But it didn’t say it all.
When the Pacers sat down for their interview with Stephen A. Smith, which aired Wednesday on SportsCenter, the most telling comments came from David West.
Responding to Smith’s question if this was a “championship or bust” season for the Pacers, here’s what West said:
“Yeah, I think so. For us, the one thing I don’t think anybody recognizes about us is all of us have a chip on our shoulder. Every game, we talk about where we were drafted, how we felt like at some point somebody in this league said ‘f-you’ to one of us, and that drives us. That’s the one thing that connects all of us, connects our locker room, the fact that we have guys that are driven to prove our worth. In terms of where we feel like we can go with this group, we’re fighting to be the top dog, the last man standing.”
It was an expansion of Paul George’s “built not bought” comments after the Pacers disposed of the Nets earlier this season, that these Pacers are both very proud of where they came from – and where they are – and very conscious of how they differ from their competition in the Eastern Conference.
The average draft position of the Pacers’ starting five is 22.2, the players having been selected between Nos. 10 (George) and 40 (Lance Stephenson). From the rest of the roster, the highest pick was Danny Granger (17); there are two second-round picks (Luis Scola and Orlando Johnson) and three undrafted free agents (Chris Copeland, C.J. Watson and Donald Sloan) on the bench.
Relative to other contenders, then, the Pacers come from the Island of Misfit Toys.
- Miami has two former No. 1 overall picks (LeBron James and Greg Oden) and five other top-six picks (Chris Bosh, Dwyane Wade, Ray Allen, Michael Beasley and Shane battier) on its roster.
- Chicago has a former No. 1 (Derrick Rose) and four other top-nine picks (Mike Dunleavy, Luol Deng, Joakim Noah and Kirk Hinrich).
- The Nets have two top-fives (Kevin Garnett and Deron Williams and three other top 10s (Paul Pierce, Brook Lopez and Joe Johnson)
- The Knicks have two former No. 1s (Andrea Bargnani and Kenyon Martin), two top-threes (Carmelo Anthony and Tyson Chandler) and a No. 9 (Amar’e Stoudemire).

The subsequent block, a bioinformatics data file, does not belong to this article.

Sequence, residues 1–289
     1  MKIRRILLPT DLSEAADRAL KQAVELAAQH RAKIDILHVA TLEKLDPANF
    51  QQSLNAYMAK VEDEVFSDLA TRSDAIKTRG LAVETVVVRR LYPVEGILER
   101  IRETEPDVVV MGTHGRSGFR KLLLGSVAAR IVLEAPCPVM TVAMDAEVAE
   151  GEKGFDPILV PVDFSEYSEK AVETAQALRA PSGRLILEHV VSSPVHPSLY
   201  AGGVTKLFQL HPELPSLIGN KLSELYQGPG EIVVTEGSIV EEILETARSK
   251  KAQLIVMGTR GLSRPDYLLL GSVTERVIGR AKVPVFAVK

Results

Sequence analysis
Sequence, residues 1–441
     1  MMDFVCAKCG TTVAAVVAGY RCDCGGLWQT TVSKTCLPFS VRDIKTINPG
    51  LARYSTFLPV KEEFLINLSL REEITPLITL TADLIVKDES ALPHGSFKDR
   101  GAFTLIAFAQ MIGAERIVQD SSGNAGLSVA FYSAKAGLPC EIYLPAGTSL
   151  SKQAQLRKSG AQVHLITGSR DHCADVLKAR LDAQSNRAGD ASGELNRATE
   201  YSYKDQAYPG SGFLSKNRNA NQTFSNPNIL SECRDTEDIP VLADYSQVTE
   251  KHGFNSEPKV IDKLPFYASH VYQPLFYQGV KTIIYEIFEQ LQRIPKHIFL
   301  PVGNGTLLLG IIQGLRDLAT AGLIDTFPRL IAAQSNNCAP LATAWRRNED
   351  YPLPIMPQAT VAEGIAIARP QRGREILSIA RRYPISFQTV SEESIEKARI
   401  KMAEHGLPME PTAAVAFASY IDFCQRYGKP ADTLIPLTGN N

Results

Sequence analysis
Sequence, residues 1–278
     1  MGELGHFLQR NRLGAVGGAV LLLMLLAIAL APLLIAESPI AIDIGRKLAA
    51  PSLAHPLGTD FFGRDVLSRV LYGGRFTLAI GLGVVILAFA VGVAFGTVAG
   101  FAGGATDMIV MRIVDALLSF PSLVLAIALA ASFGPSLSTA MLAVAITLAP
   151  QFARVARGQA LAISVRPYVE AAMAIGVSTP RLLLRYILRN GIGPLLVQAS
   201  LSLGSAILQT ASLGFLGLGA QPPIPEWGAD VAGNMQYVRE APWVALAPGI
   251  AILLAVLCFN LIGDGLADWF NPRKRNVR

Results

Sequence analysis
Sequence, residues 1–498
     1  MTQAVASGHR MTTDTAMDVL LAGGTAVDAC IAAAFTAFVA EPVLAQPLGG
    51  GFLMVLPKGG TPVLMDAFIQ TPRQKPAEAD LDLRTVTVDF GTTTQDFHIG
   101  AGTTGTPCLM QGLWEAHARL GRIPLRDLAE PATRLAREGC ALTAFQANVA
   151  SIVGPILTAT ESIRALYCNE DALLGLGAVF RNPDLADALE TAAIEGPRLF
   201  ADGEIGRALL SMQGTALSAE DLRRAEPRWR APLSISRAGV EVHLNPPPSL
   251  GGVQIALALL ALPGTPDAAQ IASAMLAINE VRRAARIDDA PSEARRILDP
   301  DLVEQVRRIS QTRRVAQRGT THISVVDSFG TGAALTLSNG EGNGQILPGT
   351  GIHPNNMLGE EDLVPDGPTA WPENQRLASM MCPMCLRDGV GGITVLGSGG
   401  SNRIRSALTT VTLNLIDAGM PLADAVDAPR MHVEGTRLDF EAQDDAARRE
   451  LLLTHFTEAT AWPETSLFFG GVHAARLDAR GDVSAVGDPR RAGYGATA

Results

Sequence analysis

All of which makes the job Larry Bird, Donnie Walsh, Kevin Pritchard and Co. have done in rebuilding this roster that much more remarkable. You’re not supposed to be able to build a contender without tanking for at least a couple of years to snag a high draft pick.
As for the rest of the group interview, it largely consisted of the oft-repeated topics of team chemistry and togetherness and Vogel’s confidence-building approach.
Here are some of the nuggets:
>> George: “It’s a togetherness environment here. We all pull for one another when we’re on the floor, when we’re off the floor. I’ve never felt so a part of a team from coaching, our trainers, just a whole organization where everybody’s on the same page. So it’s a special feeling here.”
>> Vogel: “I think belief is a major element to winning at the highest level and I want our guys to believe that we’re at a point in our franchise where we should expect to win every single time we step on the court. Are we going to win all 82? No, we’re not going to win all 82 but every time we step on the basketball court we’ve got a group that should feel like they should expect to win that basketball game.”
>> West: “When I got here a couple of years ago, we were just talking about improving and making the playoffs and things like that but we feel like everybody’s made the jump and has improved, our bench has gotten better, and we can ultimately get to the top of the hill in terms of winning the championship.”
So as the talk in the NBA, at least toward the bottom of the standings, focuses on speculation about teams tanking to increase their lottery odds at prospects like Andrew Wiggins of Kansas, Jabari Parker of Duke and Julius Randle of Kentucky, perhaps those GMs should examine the template created in Indiana.
There’s more than one way to build a contender, and the Pacers have done it right.